Heavy Medal Mock Newbery Finalist: BLACK BIRD, BLUE ROAD by Sofiya Pasternack
Introduction by Heavy Medal Award Committee Member Aryssa Damron
In a distant land, in a distant time, a young Jewish girl will do whatever it takes to save her
brother from the leprosy that is eating away at him. She’ll defy her parents, her gender, and
she’ll even face the Angel of Death himself. BLACK BIRD, BLUE ROAD a middle grade novel by Sofiya Pasternack, is full of Jewish lore, of demons and angels and ravens bearing gifts, and at its core the love between a brother and sister.
“There was no one. No one to believe that Ziva could do the things she set out to do–like find a cure for her brother’s illness, or master a demon, or sway the Angel of Death, who she called malach ba-mavet. Ziva did two of those things, dear listener.”
Ziva and Pesah are twins, and Ziva is the only one who seems to care about properly caring for
her brilliant brother as he fights leprosy, loses his fingers, and battles the ostracization of his
community. When she discovers that her family intends to send him away to a colony, Ziva
knows she must take dramatic action. She packs a wagon and she flees with her brother,
setting out for a city and a doctor that she hope can help her find a cure. After a highway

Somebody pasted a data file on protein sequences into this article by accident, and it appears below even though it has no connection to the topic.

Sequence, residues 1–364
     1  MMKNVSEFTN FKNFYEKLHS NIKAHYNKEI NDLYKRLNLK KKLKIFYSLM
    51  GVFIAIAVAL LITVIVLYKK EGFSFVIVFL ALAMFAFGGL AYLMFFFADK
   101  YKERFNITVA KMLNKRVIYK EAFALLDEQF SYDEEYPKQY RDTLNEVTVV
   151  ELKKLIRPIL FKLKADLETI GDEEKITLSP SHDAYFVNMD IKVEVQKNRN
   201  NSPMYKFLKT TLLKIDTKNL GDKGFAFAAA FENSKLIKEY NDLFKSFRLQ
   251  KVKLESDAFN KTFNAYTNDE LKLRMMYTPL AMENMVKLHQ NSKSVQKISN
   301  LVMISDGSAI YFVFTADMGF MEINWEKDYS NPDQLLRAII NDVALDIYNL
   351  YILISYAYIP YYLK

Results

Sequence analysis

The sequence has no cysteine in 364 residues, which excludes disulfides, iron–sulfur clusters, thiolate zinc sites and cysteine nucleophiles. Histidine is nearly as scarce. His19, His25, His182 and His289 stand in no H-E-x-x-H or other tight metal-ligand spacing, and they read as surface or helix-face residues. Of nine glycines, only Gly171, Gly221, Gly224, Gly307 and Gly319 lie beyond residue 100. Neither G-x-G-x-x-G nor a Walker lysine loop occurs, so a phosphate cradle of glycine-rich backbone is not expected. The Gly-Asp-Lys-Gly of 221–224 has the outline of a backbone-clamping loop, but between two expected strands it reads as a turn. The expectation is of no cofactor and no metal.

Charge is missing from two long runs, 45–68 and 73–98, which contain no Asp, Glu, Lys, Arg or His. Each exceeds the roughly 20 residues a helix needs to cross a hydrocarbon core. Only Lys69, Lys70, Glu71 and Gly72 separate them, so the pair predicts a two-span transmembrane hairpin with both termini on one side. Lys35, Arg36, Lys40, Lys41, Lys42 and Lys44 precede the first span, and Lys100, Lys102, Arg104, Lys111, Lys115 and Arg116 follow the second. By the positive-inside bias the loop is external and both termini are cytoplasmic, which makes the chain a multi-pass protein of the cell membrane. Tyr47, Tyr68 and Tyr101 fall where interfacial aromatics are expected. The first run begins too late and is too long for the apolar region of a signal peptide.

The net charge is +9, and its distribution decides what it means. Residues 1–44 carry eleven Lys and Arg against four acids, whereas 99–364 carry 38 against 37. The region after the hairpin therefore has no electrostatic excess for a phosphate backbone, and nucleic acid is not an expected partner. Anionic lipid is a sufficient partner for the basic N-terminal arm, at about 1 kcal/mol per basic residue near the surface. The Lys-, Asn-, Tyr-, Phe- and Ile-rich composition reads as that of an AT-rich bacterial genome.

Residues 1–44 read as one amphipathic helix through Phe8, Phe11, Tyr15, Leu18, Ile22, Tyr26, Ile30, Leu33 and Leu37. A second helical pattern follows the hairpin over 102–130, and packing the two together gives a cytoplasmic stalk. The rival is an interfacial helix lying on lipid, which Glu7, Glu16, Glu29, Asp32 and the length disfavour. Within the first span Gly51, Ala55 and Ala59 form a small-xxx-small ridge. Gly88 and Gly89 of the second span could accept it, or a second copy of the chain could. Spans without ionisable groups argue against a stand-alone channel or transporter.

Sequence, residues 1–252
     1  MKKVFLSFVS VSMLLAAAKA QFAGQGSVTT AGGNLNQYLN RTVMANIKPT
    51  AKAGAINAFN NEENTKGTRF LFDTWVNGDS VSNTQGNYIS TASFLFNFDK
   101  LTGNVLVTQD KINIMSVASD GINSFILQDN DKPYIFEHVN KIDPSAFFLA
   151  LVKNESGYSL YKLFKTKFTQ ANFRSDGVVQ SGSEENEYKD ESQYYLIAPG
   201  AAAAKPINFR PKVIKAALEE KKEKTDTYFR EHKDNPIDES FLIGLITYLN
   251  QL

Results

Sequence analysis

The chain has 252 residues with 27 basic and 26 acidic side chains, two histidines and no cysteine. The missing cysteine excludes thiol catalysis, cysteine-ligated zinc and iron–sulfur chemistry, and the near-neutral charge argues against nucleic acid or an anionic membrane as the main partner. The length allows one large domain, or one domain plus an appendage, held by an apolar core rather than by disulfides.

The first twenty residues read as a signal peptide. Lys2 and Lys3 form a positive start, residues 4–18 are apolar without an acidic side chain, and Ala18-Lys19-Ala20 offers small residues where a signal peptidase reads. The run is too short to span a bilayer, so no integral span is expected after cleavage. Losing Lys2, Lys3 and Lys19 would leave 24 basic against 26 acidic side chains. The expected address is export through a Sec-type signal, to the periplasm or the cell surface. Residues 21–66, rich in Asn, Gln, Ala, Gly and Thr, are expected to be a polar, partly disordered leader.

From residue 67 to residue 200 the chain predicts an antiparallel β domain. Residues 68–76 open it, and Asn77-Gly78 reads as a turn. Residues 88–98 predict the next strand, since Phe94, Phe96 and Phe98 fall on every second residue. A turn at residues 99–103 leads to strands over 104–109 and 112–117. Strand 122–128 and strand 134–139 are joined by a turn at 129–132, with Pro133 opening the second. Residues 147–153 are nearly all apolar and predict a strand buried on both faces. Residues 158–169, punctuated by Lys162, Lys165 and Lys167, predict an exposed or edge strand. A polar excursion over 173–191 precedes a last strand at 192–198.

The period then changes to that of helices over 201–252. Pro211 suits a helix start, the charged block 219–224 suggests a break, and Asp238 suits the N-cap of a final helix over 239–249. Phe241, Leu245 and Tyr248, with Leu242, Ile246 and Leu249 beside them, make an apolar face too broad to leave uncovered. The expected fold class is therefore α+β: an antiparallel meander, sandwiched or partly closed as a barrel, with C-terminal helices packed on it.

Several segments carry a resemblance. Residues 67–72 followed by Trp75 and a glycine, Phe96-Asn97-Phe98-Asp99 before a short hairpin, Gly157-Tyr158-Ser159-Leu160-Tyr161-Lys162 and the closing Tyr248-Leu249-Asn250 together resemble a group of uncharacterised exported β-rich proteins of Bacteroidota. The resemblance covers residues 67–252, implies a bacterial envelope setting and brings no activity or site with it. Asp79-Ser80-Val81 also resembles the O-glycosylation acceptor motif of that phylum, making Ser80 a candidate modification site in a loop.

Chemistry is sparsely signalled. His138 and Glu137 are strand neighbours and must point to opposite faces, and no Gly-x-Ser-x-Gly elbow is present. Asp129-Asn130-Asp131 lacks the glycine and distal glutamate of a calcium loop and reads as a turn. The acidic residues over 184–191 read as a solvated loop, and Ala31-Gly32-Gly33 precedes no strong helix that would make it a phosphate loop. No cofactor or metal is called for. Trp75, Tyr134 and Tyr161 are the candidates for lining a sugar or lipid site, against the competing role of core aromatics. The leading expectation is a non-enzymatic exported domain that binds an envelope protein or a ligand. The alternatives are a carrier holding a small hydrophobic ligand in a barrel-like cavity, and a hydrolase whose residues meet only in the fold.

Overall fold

robbery throws their plan entirely off course, Ziva must learn to trust a half-demon as she seeks to save her dear brother from the Angel of Death himself.
This is a richly told story, reminiscent of many past Newbery winners , including CRISPIN: THE CROSS OF LEAD and THE GIRL WHO DRANK THE MOON. The Jewish lore woven into the story is a beautiful addition to children’s literature as a whole, and Ziva’s motivations are intertwined with her experiences, her readings, and her knowledge of demons and angels and the wise judge Devorah. Ziva herself is the kind of Newbery protagonist you love to see—a head-strong girl who is dedicated to her family and to justice and yet has those child-like flaws, bias against things she’s been told are always bad, fear of death and the unknown, etc.
I was enthralled by this story-especially the breaks within the book told through a looming omniscient narration style.
“The garden had a tiny whisper of a path that wound in, so Ziva followed that. Almas and Pesah followed behind. They went deeper into the garden, and even though it had all the makings of a peaceful place, the hairs on the back of Ziva’s neck stood up.”
Pasternack has an excellent story here. Ziva is a stunning protagonist, and Pesah’s story is told
so beautifully here—especially at the end, and while I love what she was able to do in
incorporating Jewish legend and religious elements into the text, I worry that the lack of
embellished prose details is going to hold it back.
What do you think about Black Bird, Blue Road? This is definitely a sleeper title–one that I
hadn’t heard of until it made the list, but instantly fell into. I think anyone reading it will enjoy it, but is it the best of the year?
Heavy Medal Award Committee members and others are now invited to discuss this book further in the Comments section below. Please start with positive observations first; stick to positives until at least three comments have been posted or we reach 1:00 pm EST. Let the Mock Newbery discussion begin!
About Emily Mroczek-Bayci
Emily Mroczek (Bayci) is a freelance children’s librarian in the Chicago suburbs. She served on the 2019 Newbery committee. You can reach her at email@example.com.
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